Thursday, 11th January, 2007: The European Commission has today launched a public consultation on its future strategy and priorities on statutory audit in relation to non-EU countries (‘third countries’). The Commission is inviting interested parties’ views on how third-country audit firms might be supervised under the Directive; and how the EU might co-operate with third countries.
The revised 8th Company Law Directive requires third-country audit firms to register in each EU Member State where their clients’ securities are admitted to trading (Article 45 refers). Preliminary estimates indicate that approximately 220 audit firms auditing issuers from about 63 third countries will be affected by these rules. Whilst the implementation of the Directive is primarily a matter for EU Member States, the Commission wishes to obtain views on action it might take to facilitate the implementation of the Directive and to avoid market fragmentation.
The Directive on Statutory Audit allows for exemptions from registration and empowers the European Commission to decide on equivalence of third-country audit systems (Article 46 refers). If a third-country audit regulatory system is found to be equivalent, EU Member States then have a common ground for assessing third-country audit firms for registration purposes. The Commission’s consultation seeks interested parties’ views on priorities in equivalence assessment of third countries’ audit regulation. Interested parties are also invited to comment on possibilities for coordination of registration procedures for third-country audit firms among EU Member States, as well as on a possible role for the European Group of Auditors Oversight Bodies (EGAOB), of which the Irish Auditing & Accounting Supervisory Authority is a member, in such cooperation.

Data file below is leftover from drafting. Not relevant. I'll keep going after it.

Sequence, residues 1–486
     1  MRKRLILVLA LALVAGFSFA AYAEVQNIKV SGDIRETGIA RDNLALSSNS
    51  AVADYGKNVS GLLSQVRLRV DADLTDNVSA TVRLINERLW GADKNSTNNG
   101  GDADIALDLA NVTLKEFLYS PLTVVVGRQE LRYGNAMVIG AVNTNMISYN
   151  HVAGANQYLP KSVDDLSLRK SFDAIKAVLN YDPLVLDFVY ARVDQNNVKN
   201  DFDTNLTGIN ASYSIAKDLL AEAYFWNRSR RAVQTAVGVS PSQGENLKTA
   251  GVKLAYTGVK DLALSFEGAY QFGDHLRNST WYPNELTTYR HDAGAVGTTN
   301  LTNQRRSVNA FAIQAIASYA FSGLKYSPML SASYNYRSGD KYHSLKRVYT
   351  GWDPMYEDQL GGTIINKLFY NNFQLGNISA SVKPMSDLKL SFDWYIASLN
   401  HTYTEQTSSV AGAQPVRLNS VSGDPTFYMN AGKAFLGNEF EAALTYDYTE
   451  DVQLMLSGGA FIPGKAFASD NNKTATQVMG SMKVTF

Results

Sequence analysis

The Directive also empowers the Commission to grant a transitional period for audit firms from third countries that cannot yet benefit from equivalence. Such a measure could be taken to avoid disruptions to European capital markets. In this context, the Commission’s consultation paper seeks views on the transitional use of auditing standards such as US GAAS (United States Generally Accepted Auditing Standards) and ISAs (International Standards on Auditing).
The Directive allows for cooperation with third-country competent authorities on transfer of audit working papers held by EU audit firms to third countries and sets conditions for such cooperation (Article 47). The consultation paper also seeks interested parties’ views on the scope for such cooperation and on circumstances under which an audit firm could make an exceptional direct transfer of audit working papers to a third country.